The security landscape is complex, meaning that decision-makers can, through no fault of their own, struggle to make the best choices for their organisations, says Javvad Malik, Security Awareness Advocate at KnowBe4. He tells us why organisations should use a mix of internal and external threat reports to obtain a holistic view of the threats they’re facing.
While most will implement security systems with the best intentions, it is fairly common to see them spend a disproportionate amount of their notoriously limited budgets on protection against too narrow a selection of threats.
With all the threat information available, it can be difficult to cut through and determine the most significant threats to a specific organisation. Therefore, inadequate security defences aimed at the wrong threats can leave corporations open to vulnerabilities across a range of attack vectors.
Most enterprises rely on data as the foundation for their security strategies. They are notified of threats as they appear in their preferred alerting tool and, almost unconsciously, apply the first band-aid they see. While this works to an extent, the one-size-fits-all approach to security means threats are not prioritised according to how dangerous they are.
Many would suggest that it is more sensible to focus corporate efforts and resources on what presents the biggest threat to daily business operations. Decision-makers should look to invest in bespoke security systems that prioritise protecting the most critical systems first.
Corporations should investigate deploying a data-driven defence model. This uses objective metrics to outline where you are most at threat. It encourages a re-examination of current threat perception models, shifting focus to the root causes of threat instead of individual security incidents.
Root causes can be determined by three main factors: data, relevance and the ability for individual employees to make critical judgements about security. Once an organisation has determined the root causes requiring remediation, teams can then prioritise resources to counter them. This is inherently more efficient than patching every minor threat that arises.
Furthermore, addressing the root problem also makes it easier to weigh the costs and benefits of each security-related decision, making scarce resources go further.
Additionally, threat intelligence reports are a distinctly undervalued tool for businesses wanting to understand risks, vulnerabilities and malicious actors. These reports are traditionally based on empirical research by dedicated security teams, poring through the seedy underbelly of the Internet, hacker Twitter feeds and Dark Web forums.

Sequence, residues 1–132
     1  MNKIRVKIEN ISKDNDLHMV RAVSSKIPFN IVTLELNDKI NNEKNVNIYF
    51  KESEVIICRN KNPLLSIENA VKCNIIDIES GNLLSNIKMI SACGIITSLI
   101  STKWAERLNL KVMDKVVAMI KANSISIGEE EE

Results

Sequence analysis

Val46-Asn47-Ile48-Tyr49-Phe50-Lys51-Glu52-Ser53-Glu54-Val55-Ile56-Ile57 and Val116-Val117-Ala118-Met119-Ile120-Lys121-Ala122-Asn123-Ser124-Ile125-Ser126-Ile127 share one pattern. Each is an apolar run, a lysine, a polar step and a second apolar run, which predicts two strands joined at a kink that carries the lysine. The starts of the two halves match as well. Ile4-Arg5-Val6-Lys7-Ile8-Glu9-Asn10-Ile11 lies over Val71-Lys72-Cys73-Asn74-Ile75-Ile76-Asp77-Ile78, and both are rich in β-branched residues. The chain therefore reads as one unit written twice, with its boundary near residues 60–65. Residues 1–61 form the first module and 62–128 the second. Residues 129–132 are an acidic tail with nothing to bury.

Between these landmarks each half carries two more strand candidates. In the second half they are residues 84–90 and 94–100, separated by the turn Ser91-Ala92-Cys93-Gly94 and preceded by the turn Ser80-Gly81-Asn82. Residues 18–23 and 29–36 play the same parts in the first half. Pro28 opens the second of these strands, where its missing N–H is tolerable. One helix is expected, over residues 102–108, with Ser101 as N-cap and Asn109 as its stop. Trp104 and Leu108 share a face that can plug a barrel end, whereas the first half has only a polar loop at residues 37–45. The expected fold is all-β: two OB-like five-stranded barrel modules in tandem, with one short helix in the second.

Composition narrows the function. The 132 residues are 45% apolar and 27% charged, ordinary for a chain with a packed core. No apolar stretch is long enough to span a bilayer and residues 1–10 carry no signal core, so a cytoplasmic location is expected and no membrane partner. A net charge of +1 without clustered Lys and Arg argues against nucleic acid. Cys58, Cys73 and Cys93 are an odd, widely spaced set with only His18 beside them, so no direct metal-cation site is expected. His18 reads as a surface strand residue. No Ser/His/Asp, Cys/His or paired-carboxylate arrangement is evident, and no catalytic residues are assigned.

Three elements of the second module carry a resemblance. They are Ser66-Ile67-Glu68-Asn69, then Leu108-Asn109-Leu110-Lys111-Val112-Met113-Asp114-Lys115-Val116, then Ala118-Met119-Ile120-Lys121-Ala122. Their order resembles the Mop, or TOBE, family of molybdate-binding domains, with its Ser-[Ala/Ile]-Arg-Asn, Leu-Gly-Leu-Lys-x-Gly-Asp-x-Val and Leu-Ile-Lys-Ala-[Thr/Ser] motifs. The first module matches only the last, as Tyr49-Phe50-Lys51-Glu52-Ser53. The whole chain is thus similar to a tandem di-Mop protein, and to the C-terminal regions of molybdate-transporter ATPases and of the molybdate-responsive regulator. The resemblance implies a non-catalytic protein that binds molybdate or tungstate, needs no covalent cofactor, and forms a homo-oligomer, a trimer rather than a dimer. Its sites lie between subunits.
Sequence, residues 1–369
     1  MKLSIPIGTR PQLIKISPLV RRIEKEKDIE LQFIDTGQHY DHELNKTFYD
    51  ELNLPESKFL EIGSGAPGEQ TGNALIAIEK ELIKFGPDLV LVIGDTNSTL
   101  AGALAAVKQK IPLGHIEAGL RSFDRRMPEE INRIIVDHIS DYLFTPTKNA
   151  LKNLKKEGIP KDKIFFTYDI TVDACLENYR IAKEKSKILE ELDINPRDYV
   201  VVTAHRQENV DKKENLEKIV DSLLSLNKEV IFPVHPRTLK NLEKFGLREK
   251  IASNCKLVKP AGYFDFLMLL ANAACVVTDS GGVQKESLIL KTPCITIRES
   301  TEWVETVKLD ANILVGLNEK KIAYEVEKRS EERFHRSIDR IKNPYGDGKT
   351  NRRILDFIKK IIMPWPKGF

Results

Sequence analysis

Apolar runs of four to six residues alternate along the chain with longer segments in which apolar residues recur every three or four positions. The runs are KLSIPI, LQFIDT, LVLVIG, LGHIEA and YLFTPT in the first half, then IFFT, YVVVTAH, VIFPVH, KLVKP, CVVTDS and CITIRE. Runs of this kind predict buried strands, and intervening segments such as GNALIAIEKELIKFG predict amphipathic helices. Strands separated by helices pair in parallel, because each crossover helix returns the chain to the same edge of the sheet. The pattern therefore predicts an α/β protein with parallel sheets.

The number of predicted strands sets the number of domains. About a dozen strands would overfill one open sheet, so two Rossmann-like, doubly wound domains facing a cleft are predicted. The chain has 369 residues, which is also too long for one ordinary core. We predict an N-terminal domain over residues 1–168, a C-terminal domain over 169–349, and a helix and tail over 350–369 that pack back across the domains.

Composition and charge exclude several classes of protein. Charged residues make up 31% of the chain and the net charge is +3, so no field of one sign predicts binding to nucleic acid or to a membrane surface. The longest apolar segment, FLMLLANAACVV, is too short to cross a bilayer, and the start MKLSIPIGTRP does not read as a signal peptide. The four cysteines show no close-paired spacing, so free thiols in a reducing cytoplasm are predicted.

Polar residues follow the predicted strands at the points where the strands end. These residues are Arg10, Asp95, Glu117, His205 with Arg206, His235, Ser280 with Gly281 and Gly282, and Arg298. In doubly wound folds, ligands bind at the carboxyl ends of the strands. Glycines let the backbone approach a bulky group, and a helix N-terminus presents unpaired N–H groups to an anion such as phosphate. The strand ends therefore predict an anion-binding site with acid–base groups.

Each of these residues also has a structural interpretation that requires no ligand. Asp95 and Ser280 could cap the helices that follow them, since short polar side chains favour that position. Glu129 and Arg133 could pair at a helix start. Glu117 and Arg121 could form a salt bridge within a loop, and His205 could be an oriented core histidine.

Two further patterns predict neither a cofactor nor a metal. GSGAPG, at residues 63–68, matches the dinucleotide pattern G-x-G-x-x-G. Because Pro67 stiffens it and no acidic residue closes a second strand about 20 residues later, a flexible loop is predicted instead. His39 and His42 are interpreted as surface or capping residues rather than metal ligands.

This helps businesses visualise where they should spend their security budget, instead of blowing millions on white-elephant technologies that offer inadequate protection.
It is no surprise that habitually underfunded attack vectors are exploited most frequently by malicious actors. These often occur as link-based, attachment-based and spear phishing. Decision-makers should also understand the threat of ‘supply chain compromises’.
This is when a malicious actor inserts a compromised link into the description of a video or uploaded onto a third-party app store. While these are techniques favoured by attackers, it is important to note that they aren’t the only threat with social engineering techniques at the core.
Indeed, it is key for employees to understand how threats manifest, in order to reduce the possibility of them occurring. For example, domain spoofing attacks rely on tricking a user into visiting a site which appears to be a legitimate domain. That’s not to say that all the attacks rely on user error. Exploiting public-facing applications, DNS hijacking and compromising websites or apps collectively represent a significant threat, however nowhere near as prevalent as social engineering scams.
If you can divert security efforts into policing external sources of communication like email, SMS, instant messenger, social media and educate your users to be wary of social media-based attacks, you are more likely to prevent almost half of all attacks from organised criminal groups and nation states. This addresses the root problem instead of simply plugging a hole.
Lloyds of London estimates that a potential worst-case scenario of a malicious email could be upwards of US$190 billion, with retail and healthcare as the most vulnerable sectors and manufacturing following in third. Understanding the motivations behind cybercriminals can go a long way towards building an informed, evidence-driven protective strategy that will defend your organisation where it is weakest.
However, not all cybercriminals are individuals after a quick buck. There is a clear distinction between the objectives of cybercriminals and nation-state actors. While criminals generally target the money, nation states are more interested in espionage, spying, or disrupting operations. While attacks from cybercriminals are much more common due to an increase in active criminals and malware as a service, corporations should be wary of any malicious actors.
Data is the lifeblood of most security teams, although it’s often critically undervalued. Data – broad, empirical data – is the most accurate way to identify the root cause of insecurity within an organisation and it should be treated as such. Enterprises should be encouraged to acquire as much data as possible.
External threat intelligence reports can be a helpful tool when isolating attack vectors as they provide a fresh set of eyes. However, while these sources are often invaluable, organisations should not discount the data gathered by internal teams. Many argue this data is even more useful as it’s uniquely relevant to each organisation in its ongoing battle to address the root cause of insecurity.